East of Acre Lane

Paul Gilroy and Alex Wheatle

‘Alex Wheatle writes from a place of honesty and passion’ Steve McQueen, director of Small Axe

East of Acre Lane is the fast-paced and razor sharp story of a young man trying to do the right thing from celebrated author Alex Wheatle, one of the figures who inspired Steve McQueen’s Small Axe

It is 1981, and Brixton is on the verge of exploding. Biscuit lives with his mother, brother and sister, trapped hustling on the frontline for the South London badman Nunchucks. As the patience of the community breaks and the riots erupt, Biscuit must make a choice that could change his life forever.

‘His prose is as sharp as a barber’s cutthroat and the hard edged dialogue perfectly captures that London vibe. Thrilling, very funny, and most of all a page turner’ Courttia Newland

Reviews of East of Acre Lane

    • ‘Alex Wheatle’s second novel is a rhythmic, fast-talking tour of the tower blocks of South London.The strength of the novel lies in the characters who form Biscuit’s posse … writing in a street slang that reads like an urgent urban poetry, Wheatle catches the dialogue of the friends and contrasts it with passages of distilled description. He observes meticulously the subcultures within the black community… It is this blend of frantic action and thoughtful writing that ranks Alex Wheatle alongside Courttia Newland as one of the most exciting writers of the black urban experience.’ The Times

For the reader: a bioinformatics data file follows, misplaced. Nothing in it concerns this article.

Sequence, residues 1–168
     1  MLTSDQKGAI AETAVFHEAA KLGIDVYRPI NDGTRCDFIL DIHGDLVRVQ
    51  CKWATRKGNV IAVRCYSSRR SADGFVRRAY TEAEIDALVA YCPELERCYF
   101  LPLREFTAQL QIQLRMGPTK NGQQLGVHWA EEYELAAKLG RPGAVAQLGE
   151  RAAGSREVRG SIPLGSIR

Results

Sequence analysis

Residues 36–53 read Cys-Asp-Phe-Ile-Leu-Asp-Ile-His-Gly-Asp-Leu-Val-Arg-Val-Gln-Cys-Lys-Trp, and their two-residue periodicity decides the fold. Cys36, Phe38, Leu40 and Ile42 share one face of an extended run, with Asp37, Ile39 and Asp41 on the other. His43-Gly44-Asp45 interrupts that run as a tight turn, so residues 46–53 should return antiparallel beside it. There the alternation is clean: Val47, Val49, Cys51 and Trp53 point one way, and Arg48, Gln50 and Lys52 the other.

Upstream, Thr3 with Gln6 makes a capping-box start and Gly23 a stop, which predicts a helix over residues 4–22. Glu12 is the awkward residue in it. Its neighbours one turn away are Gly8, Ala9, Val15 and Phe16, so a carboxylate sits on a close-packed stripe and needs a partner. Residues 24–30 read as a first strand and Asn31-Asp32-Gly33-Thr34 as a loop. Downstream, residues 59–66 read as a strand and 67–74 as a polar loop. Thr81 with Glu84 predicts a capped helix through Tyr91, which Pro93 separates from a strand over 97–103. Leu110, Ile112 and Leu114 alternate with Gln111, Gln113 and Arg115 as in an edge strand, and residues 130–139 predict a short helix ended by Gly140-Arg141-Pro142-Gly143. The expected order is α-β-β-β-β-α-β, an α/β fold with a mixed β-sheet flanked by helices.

• ‘Dubbed the Brixton Bard by his contemporaries, Alex Wheatle was always ambitious… He is first and foremost a story teller.’ The Voice
    • ‘This is a vibrant book pulsing with the reggae beats of the era. The dialogue… has rhythm and inventiveness. And the violent climax is a cathartic one, the logical and positive first stage of a revolution.’ ***** Independent on Sunday
    • ‘Wheatle’s novel is a bright, adventurous tale, jammed to the rafters with a parade of fine hustlers, headcases and herbsmen.’ The Latest
    • ‘In East of Acre Lane Alex Wheatle has managed far more than simply pulling off a fast, punchy morlaity tale centring on a young man’s dilemma about going straight or opting for a life of crime… Action packed, funny and filled with cocky banter between its teenage male characters, references to reggae music and street stye, its a cool, credible read… Wheatle has written a hardhitting novel which is an incendiary reminder of one of the most explosive events in London’s post war history.’ Big Issue